This post is by Mark Stevens, a pastor-friend in Australia, and I suspect we can all benefit from this gentle reminder.
“I am appalled at what is required of me. I am supposed to move from sickbed to administrative meeting, to planning, to supervising, to counselling, to praying, to trouble- shooting, to budgeting, to audio systems, to mediation, to worship preparation, to newsletter, to staff problems, to mission projects, to conflict management, to community leadership, to study, to funerals, to weddings, to preaching. I am supposed to be ‘in charge,’ but not too in charge, administrative executive, sensitive pastor, skilful counsellor, public speaker, spiritual guide, politically savvy, intellectually sophisticated. And I am expected to be superior, or at least first-rate, in all of them. I am not supposed to be depressed, discouraged, cynical, angry, hurt. I am supposed to be upbeat, positive, strong, willing, available. Right now I am not filling any of those expectations very well. And I am tired.”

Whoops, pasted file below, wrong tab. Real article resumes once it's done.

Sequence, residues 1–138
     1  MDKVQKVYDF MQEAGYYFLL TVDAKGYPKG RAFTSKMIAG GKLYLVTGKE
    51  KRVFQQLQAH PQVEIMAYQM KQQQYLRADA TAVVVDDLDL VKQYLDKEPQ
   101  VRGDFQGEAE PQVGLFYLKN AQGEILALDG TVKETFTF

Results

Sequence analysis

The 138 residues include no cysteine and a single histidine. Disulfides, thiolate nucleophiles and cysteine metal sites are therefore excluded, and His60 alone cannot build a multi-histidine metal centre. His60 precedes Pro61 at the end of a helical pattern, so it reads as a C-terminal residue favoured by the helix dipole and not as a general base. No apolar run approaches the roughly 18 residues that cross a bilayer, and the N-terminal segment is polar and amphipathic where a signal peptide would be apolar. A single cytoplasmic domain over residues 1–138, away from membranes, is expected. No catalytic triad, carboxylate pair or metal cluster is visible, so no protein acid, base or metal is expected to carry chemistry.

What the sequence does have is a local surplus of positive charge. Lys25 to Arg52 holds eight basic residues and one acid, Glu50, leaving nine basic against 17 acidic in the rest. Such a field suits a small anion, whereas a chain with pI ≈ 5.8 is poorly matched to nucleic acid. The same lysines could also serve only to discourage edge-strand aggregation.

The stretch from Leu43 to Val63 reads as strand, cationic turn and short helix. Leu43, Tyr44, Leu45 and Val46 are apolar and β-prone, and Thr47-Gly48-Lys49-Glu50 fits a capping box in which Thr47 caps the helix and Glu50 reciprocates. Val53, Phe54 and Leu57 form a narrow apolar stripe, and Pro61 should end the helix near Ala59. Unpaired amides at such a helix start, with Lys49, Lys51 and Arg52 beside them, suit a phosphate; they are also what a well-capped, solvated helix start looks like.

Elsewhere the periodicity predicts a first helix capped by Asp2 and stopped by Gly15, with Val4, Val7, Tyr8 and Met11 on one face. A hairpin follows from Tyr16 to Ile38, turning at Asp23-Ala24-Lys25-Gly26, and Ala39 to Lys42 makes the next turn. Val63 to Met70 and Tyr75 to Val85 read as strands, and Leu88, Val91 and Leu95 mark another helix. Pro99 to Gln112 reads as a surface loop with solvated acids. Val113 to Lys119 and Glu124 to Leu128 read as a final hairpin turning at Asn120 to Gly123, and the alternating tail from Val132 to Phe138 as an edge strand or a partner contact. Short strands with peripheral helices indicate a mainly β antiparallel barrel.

(Chandler W. Gilbert, “On Living the Leaving” in Edward A. White (ed.) Saying Goodbye, Bethesda, Alban, 1990, p.25)
A friend sent me this quote a few days ago and when I read it and thought, “Boy, do I know that feeling!” The quote has haunted me since I read it so I thought I would take some time to write it out. What I’ve come up with sounds a little 3-step but I am trying to think through how pastors can avoid the last line, “Right now I am not filling any of those expectations very well. And I am tired.” Anyone who has been in ministry long enough will know the feelings described in the paragraph above. Even the most seasoned pastor falls prey to such temptation and distraction.
On the weekend I was at a party and someone asked me what the hardest thing about being a pastor was. Without hesitation I replied, “Expectations: Theirs and mine”. If I am honest I think our expectations do more damage to our soul than a hundred from our church members. Therefore maybe it is good to reflect on and remind ourselves what really matters.
Over these past few years I have learned to say no. No to this and no to that. “You want me to come to that meeting? Sorry, no!” I thought I was doing really well until I realised the difference between saying no to someone and something they would like me to do is different to saying no to their expectations. Am I the only one who feels that tension?